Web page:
The American Hospital Association (AHA) has asked the U.S. Supreme Court to consider a legal doctrine used to secure some antitrust waivers for mergers in other fields and have it apply to similar deals involving hospitals, AHA News Now reported.
The trade group wants the high court to employ the doctrine of the "weakened competitor" when evaluating certain hospital deals to determine whether they violate anti-trust laws, according to AHA News Now. Such a doctrine encourages courts to look beyond mere market dynamics where the transaction is taking place and instead focus on more intangible issues, such as whether the sector in which the deal is occurring is undergoing fundamental change.
The AHA is weighing in on ProMedica Health System v. the Federal Trade Commission (FTC), a case revolving around ProMedica's 2010 acquisition of St. Luke's Medical Center in Maumee, Ohio. The FTC and Ohio Attorney General had sued to dissolve the deal because they considered it anticompetitive. If it had gone through, ProMedica would control about 60 percent of the hospitals in the greater Toledo area. ProMedica has lost the case at the appellate level, and has asked that the Supreme Court hear the case.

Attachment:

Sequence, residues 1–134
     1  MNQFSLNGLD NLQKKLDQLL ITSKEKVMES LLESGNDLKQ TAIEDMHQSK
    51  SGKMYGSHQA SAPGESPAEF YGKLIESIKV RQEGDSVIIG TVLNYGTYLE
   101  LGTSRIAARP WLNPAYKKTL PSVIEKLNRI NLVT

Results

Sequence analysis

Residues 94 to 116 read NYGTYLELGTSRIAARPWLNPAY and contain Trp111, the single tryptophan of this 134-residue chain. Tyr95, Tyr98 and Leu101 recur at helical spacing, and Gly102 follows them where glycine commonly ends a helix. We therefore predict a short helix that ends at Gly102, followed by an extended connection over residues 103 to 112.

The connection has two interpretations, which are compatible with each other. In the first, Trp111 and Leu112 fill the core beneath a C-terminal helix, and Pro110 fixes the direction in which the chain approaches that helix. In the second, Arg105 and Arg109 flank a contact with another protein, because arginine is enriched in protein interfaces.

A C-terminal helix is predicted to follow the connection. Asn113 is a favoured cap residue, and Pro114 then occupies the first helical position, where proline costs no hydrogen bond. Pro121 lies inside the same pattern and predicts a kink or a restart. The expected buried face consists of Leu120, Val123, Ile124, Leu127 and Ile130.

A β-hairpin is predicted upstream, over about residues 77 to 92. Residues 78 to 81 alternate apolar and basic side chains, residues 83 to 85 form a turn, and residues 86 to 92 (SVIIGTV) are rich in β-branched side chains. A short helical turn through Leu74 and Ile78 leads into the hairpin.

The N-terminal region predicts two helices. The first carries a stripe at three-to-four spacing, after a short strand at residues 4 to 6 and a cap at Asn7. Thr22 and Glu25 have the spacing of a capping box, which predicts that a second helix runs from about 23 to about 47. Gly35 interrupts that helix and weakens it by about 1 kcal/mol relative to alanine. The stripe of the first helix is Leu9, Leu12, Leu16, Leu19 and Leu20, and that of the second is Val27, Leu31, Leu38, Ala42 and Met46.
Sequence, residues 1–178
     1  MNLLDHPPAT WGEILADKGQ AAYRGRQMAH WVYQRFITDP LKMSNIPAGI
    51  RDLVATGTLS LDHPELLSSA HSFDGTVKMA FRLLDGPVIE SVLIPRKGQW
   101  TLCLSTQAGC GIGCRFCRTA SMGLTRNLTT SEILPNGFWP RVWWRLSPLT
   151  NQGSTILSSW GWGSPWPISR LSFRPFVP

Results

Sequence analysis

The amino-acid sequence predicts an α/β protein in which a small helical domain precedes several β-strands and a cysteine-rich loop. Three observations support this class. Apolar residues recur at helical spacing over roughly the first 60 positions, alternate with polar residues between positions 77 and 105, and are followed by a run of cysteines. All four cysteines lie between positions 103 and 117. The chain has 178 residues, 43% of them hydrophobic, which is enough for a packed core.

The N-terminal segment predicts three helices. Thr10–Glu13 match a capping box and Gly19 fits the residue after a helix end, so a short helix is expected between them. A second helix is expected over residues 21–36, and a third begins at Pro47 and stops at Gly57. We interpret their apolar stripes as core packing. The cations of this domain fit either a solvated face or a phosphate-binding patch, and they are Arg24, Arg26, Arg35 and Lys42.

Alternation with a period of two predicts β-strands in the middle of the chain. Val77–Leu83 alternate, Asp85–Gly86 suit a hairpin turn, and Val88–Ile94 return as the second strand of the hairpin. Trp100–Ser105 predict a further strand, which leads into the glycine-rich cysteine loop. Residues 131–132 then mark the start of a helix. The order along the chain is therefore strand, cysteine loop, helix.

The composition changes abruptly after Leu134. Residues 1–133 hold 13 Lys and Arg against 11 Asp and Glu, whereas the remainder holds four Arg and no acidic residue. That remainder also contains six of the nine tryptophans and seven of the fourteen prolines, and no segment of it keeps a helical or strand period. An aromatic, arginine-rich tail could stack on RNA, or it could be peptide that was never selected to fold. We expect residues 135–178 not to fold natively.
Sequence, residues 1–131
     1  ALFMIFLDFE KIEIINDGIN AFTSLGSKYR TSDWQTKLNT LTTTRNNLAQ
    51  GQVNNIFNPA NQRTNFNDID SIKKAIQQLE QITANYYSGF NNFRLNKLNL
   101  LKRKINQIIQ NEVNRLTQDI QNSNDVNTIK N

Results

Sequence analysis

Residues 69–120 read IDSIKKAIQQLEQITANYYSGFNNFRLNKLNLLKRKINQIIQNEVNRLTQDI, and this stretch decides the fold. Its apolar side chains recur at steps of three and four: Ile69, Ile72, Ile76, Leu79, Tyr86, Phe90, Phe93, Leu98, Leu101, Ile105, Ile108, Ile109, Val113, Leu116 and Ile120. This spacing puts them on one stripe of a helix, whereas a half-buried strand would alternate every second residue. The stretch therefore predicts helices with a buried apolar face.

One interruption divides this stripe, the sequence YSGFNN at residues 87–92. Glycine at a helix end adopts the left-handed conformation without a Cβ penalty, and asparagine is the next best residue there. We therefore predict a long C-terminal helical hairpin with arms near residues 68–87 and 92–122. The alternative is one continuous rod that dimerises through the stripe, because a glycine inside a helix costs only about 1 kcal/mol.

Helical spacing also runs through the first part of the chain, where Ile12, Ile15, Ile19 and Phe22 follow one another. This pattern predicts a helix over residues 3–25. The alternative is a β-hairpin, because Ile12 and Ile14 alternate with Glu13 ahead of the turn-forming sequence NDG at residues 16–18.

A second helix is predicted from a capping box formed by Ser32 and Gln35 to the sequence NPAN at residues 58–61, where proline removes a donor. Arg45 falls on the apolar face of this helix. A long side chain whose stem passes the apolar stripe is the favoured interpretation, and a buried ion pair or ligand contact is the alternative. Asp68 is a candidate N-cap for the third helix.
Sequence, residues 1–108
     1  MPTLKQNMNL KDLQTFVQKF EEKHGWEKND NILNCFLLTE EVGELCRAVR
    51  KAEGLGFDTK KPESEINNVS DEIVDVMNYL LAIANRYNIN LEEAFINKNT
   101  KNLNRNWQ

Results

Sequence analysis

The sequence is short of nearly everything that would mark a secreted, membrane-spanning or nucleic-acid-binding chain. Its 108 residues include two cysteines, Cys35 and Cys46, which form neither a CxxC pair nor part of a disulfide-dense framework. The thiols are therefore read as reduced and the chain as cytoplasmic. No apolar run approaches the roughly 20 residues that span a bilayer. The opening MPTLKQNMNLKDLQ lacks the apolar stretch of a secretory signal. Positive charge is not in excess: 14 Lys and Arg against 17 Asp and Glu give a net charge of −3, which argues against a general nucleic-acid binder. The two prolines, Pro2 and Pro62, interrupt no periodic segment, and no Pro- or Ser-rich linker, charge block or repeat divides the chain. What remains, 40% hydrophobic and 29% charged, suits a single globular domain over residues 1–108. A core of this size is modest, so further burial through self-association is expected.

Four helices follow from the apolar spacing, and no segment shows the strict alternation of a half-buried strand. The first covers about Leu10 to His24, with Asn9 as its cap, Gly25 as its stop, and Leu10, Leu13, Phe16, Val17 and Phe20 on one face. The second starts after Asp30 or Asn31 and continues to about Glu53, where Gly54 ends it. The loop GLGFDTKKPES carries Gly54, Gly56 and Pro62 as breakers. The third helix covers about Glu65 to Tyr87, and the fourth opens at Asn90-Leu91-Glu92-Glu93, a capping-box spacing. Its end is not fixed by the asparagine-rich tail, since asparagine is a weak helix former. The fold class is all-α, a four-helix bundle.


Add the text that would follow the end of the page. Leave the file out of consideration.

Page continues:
The amicus brief, co-authored by AHA General Counsel Melinda Hatton, asked the Supreme Court to consider that "fundamental changes in the healthcare sector, accelerated by the Affordable Care Act, have transformed the competitive landscape of the field. Due to these changes, many hospitals that are viable today--particularly small and stand-alone hospitals--may not be competitive in the future."
The principal case on which the weakened competitor doctine rests on is a 1974 federal decision, U.S. v. General Dynamics Corp. In that case, the court ruled that General Dynamics acquisition of a coal mine operator did not breach federal antitrust laws because even though the company wound up controlling a significant portion of a market, the operational position of the acquired company itself was not very strong.
The AHA's brief suggests that the doctrine has rarely been applied in more than 40 years, and that the lower courts should have applied it in the ProMedica acquisition.
It is unknown when the Supreme Court will decide about hearing the case.